Just a few more weeks…

Filed under:General — eric @ 12:49 pm

Here’s a letter I sent out to my mailing list last night:

Hello again! It’s Eric, the fellow working on the on-line farmers’ market software you were at one time interested in.

It’s been a few weeks since I’ve written you, so I though it was time for an update. The system has come a long way since the last time. It’s not fully functional, but you can right now do a lot of the “grunt” work of getting your market online. I’m still on track to move my own market completely to the new system in early to mid January.

Here’s what you can already do using my system::

* You can create your market at a unique locally grown address (i.e. http://myfarmersmarket.locallygrown.net )

* Your market comes with a welcome page, an Frequently Asked Questions system, and a weblog (news page), all out of the box and all fully configurable and ready for your own content.

* Users can create accounts at your market. There are three levels: Market Manager (you, and anyone else you want to promote), Growers (all sellers through the market are called growers), and Customers.

* Any number of growers can join the market. Unsolicited requests require approval from a market manager before they are listed and can begin selling.

* Growers get their own “About” page and a photo gallery, with unlimited photos and captions.

* Market Managers and Growers can organize product categories and list products, giving them full descriptions, images, prices, etc. You can build your product category structure from scratch, or just automatically use the categories I’ve been using at my market for the last five years and go from there.

* Market manager and growers can quickly adjust availability, pricing, and other items at any time. Growers can only edit their own products, but Market Managers can edit everything.

* Membership is flexible. You can charge customers an annual membership (you set the amount). You can charge growers a fee to join the market and charge a fee to sell their products (either as a variable percentage of sales, set per grower, or as a flat fee per item).

* Pricing is flexible. Growers set their own prices. The market can tack on a surcharge for each item. The customer sees the total of the two. The Grower gets the sales price, minus any surcharge, minus any sales percentage. It’s hard to succinctly describe, but should be easy in practice.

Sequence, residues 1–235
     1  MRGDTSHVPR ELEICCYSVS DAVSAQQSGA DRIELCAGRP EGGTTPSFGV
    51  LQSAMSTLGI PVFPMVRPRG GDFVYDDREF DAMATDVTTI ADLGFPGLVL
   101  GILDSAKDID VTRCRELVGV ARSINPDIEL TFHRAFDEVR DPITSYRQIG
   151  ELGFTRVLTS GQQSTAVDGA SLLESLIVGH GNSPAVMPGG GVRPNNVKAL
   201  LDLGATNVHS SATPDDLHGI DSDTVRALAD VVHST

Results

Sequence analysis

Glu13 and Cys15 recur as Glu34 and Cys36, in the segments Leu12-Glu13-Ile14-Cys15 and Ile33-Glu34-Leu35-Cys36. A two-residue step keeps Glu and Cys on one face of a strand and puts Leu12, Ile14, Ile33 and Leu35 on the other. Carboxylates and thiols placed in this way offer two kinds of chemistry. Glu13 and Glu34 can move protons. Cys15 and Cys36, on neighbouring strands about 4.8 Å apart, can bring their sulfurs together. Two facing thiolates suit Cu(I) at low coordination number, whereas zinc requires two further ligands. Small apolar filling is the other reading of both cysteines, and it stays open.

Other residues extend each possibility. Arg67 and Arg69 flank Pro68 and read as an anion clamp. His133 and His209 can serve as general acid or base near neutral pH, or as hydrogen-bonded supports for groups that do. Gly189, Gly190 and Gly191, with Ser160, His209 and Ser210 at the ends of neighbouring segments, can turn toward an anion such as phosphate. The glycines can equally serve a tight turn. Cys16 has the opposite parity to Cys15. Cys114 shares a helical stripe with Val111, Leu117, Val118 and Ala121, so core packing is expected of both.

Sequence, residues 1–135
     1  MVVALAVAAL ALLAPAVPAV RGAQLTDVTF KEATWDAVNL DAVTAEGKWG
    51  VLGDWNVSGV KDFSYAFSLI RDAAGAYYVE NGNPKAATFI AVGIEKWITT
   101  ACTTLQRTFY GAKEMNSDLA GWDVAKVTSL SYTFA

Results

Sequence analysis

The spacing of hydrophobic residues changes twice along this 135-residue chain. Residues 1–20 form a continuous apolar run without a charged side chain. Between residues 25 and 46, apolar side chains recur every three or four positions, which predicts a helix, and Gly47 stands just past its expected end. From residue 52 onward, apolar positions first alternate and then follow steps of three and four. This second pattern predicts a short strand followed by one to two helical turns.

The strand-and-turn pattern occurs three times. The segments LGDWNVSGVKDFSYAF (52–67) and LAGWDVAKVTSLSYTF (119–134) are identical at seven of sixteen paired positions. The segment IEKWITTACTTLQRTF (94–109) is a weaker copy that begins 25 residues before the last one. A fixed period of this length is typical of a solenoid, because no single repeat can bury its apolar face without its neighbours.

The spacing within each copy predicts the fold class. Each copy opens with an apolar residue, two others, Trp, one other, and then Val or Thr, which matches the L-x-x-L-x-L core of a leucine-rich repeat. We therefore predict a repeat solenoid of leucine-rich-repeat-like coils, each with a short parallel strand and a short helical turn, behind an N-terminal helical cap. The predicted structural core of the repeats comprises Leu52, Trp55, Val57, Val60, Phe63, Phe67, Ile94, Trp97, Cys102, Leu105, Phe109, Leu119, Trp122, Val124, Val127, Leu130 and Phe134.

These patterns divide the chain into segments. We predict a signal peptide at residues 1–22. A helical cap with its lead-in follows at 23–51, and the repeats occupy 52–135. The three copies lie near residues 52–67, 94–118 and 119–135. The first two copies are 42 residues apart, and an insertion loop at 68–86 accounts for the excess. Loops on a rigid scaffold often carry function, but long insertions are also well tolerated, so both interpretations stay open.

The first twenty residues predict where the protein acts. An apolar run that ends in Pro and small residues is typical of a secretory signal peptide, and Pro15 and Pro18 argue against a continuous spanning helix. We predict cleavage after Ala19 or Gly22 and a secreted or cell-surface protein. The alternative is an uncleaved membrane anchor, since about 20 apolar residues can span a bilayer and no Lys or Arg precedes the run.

All of that is working as of right now. Here’s what I’m still working on:

* Automatic sending of the availability email. Each week I send out an email to our customers with a little chatty news section followed by the complete listing of products for that week. They go to the website to place their orders, but they enjoy getting the email as a reminder. So, the new system will allow you to type the chatty news section through the weblog, and by checking a box it will email all your customers the weblog entry plus the product listing.

* Ordering system. This should come online very soon, probably within a couple days. Customers can place their own orders, and market managers can place orders for customers unable to do so themselves. Confirmation emails go out to both the customer and the market manager.

* Order processing. The market manager should be able to edit and adjust individual orders and individual items within the order. This includes price adjustments, credits, etc.

* Grower harvest notification. The growers can see the orders for their products in real time through the website, but at the end of the ordering window, the website will automatically send emails out to the growers letting them know of the orders, what needs to be harvested, etc.

* Label generation. Labels for each grower will be automatically generated as PDF documents formatted for printing to several standard Avery label sizes. The growers can print them on their own using their own printer (or the market manager can do it for them).

* “Delivery Day” reports. PDFs will be created for processing grower drop-offs/pickups, invoices for the customer, and packing lists for those putting orders together.

* After-pickup adjustments. Customer orders can be adjusted after the fact to account for rejections, shortages, credits, etc.

* Minor stylesheet issues. Internet Explorer, always difficult for web designers to work with, is not displaying some pages as nicely as it should. This is particularly true of the photo galleries. I’ll fix that.

And that about sums it up.

You can see what we’ve done with our market at http://athens.locallygrown.net — feel free to look around, “tour” our member farms (They’re used to me doing everything for them, but I’m walking them through uploading photos, etc.), and browse our product listings.

Some other markets have already begun putting their markets together using what I have in place so far. Cumberland Co-op in Tennessee is the farthest along — you can find their site at http://sewanee.locallygrown.net

Feel free to create a site for your market to get the ball rolling and see for yourself how it works. Just go to http://www.locallygrown.net and click on “Our Markets” to get started.

And as always, if you have any questions, feature requests, etc., please let me know. Over the last five years I’ve seen how our system has revolutionized marketing for small growers and farmers markets in general in our area, and I know it can do the same for yours.